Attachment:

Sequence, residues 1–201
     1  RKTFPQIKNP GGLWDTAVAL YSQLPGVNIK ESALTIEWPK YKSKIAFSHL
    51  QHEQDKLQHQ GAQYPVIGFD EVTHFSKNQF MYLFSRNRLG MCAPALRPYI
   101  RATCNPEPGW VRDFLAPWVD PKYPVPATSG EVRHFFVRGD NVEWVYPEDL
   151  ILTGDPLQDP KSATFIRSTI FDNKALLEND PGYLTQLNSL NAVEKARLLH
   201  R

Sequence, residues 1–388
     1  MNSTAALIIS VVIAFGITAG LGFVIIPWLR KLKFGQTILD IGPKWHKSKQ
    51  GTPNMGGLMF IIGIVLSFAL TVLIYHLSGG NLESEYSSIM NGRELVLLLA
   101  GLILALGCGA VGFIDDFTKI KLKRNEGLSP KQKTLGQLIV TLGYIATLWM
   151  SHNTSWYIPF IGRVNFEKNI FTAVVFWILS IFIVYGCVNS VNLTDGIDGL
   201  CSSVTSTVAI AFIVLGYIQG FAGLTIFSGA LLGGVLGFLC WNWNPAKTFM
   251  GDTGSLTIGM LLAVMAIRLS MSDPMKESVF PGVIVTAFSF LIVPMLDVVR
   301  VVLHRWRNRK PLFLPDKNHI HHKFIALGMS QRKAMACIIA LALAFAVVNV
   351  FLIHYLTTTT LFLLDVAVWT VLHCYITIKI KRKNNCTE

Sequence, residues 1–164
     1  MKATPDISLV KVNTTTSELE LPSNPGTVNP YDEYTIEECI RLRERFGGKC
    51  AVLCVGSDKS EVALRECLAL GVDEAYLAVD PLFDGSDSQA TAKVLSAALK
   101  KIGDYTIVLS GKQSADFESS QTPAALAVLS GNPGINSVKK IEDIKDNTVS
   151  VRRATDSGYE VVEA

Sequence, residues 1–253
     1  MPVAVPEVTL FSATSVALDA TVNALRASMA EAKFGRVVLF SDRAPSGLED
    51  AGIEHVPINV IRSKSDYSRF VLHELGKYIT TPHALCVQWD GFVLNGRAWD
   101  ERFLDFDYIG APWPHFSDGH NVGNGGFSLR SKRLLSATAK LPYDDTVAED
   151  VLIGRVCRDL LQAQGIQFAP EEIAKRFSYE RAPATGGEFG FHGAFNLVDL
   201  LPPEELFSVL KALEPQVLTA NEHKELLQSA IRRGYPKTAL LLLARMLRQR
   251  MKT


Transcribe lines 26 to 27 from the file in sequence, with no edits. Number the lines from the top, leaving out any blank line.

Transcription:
   201  LPPEELFSVL KALEPQVLTA NEHKELLQSA IRRGYPKTAL LLLARMLRQR
   251  MKT